Best tips for morning sickness

In the first trimester hormone changes can cause nausea and vomiting. This is called "morning sickness," although it can occur at any time of day. Morning sickness usually tapers off by the second trimester.

During the first trimester your body undergoes many changes. Hormonal changes affect almost every organ system in your body. These changes can trigger symptoms even in the very first weeks of pregnancy. Your period stopping is a clear sign that you are pregnant. Other changes may include:
∆ Extreme tiredness
∆ Tender, swollen breasts. Your nipples might also stick out.
∆ Upset stomach with or without throwing up (morning sickness)
∆ Cravings or distaste for certain foods
∆ Mood swings
∆ Constipation (trouble having bowel movements)
∆ Need to pass urine more often
∆ Headache
∆ Heartburn
∆ Weight gain or loss

Solution for morning sickness during pregnancy

1) Never keep your stomach empty: Eat several small meals instead of three large meals to keep your stomach from being empty. When you don't eat anything & keep your stomach empty, Then the acids in the stomach can show some reaction. Need to eat anything you like in a small amount may be. (sweet, sour, salted etc.)
2) Eating snacks regularly: Eat snacks at short intervals. Eat little at bedtime.
3) Include pudding, Cereals, Crackers, Potato
es, Avocado, curd, Grapes and Peppermint candies in your diet.
4) Avoid: onion, tea, coffee, fried foods, cabbage, cola. Sip on water, weak tea, or clear soft drinks. Or eat ice chips.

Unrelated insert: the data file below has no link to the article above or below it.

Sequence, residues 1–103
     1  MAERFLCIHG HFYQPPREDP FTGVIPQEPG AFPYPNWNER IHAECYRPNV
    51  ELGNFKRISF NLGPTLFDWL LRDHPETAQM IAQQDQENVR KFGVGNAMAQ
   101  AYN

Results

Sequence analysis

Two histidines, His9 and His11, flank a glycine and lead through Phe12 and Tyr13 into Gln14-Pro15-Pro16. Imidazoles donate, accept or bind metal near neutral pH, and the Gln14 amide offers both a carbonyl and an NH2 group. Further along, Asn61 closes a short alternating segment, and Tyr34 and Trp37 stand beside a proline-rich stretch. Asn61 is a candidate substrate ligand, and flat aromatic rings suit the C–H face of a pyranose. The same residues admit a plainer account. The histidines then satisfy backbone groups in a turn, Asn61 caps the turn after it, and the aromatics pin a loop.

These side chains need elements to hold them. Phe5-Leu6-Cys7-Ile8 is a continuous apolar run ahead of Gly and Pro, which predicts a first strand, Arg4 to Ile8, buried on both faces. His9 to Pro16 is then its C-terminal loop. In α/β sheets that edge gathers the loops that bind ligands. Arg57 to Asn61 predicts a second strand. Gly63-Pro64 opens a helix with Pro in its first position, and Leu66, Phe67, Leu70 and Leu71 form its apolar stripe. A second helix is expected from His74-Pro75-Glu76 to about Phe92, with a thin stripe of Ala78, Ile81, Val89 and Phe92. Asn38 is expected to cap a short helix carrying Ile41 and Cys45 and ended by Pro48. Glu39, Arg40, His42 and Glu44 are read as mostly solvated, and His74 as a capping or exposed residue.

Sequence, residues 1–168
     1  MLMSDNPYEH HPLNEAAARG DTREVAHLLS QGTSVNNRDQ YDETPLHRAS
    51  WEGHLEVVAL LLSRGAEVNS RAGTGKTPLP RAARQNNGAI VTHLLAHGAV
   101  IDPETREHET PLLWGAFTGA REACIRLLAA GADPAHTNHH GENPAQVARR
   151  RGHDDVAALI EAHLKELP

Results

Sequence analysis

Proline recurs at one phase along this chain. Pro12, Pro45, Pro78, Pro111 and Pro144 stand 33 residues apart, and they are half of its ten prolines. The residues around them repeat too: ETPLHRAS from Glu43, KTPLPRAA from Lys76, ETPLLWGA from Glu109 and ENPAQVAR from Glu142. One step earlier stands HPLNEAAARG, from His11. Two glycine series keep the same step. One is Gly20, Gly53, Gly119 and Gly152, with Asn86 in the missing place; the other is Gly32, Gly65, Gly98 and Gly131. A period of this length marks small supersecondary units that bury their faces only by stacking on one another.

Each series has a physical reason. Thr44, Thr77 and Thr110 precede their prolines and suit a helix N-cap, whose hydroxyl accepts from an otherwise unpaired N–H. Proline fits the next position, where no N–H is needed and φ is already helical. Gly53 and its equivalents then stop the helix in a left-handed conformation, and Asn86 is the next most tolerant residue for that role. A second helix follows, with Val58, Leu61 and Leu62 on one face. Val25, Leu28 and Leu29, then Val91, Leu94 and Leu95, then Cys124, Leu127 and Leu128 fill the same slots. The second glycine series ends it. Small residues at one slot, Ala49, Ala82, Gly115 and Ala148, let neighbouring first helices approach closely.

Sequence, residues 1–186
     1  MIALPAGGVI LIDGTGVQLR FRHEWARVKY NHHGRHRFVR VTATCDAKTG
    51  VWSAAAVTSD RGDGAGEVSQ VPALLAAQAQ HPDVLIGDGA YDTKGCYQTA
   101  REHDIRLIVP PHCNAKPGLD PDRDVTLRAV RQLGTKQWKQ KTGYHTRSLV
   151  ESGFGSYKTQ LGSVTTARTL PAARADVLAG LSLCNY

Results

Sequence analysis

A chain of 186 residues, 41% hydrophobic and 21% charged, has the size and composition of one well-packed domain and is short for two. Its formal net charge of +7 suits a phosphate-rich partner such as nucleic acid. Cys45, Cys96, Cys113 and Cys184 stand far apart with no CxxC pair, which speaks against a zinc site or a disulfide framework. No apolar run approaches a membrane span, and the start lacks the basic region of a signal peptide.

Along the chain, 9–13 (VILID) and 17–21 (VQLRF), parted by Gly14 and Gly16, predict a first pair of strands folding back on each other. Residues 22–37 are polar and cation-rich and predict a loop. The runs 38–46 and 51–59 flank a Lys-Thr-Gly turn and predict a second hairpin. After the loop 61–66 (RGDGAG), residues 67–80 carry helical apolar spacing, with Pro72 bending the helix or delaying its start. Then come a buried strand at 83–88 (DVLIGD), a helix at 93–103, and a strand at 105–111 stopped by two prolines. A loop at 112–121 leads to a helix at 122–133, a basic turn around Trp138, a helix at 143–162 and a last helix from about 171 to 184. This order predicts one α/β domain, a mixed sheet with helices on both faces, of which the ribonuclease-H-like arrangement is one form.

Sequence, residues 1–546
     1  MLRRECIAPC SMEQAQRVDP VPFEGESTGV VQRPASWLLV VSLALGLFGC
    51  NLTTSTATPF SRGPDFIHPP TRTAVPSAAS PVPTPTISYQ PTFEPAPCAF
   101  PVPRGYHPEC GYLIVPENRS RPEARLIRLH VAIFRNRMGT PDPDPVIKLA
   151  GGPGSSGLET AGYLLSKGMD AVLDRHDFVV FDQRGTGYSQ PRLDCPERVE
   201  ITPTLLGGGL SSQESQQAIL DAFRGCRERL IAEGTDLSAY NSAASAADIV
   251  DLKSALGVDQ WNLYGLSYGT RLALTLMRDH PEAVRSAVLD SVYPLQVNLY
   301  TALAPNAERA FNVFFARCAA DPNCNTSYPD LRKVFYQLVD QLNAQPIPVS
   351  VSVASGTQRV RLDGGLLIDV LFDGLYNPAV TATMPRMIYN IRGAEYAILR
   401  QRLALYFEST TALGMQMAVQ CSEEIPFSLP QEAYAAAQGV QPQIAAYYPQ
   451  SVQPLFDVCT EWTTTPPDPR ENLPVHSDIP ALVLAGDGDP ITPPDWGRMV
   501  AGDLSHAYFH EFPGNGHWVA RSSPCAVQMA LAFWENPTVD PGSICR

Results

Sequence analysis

5) Eating should be done wisely & only healthy items should be taken by individual: Eat bland foods that are low in fat and easy to digest, such as cereal, rice, and bananas.
6) Eat dry toast, saltines, or dry cereals before getting out of bed in the morning: Start your day with some crunchy little salty food stuff.
7) Don't lie down after meals.
8) Avoid smells that upset your stomach.
As your body changes, you might need to make changes to your daily routine, such as going to bed earlier or eating frequent, small meals. Fortunately, most of these discomforts will go away as your pregnancy progresses. And some women might not feel any discomfort at all! If you have been pregnant before, you might feel differently this time around. Just as each woman is different, so is each pregnancy.

During pregnancy, call the doctor if;

• You have flu-like symptoms, which may signal a more serious condition.
• You have severe, constant nausea and/or vomiting several times every day.
Reference: womenshealth.gov

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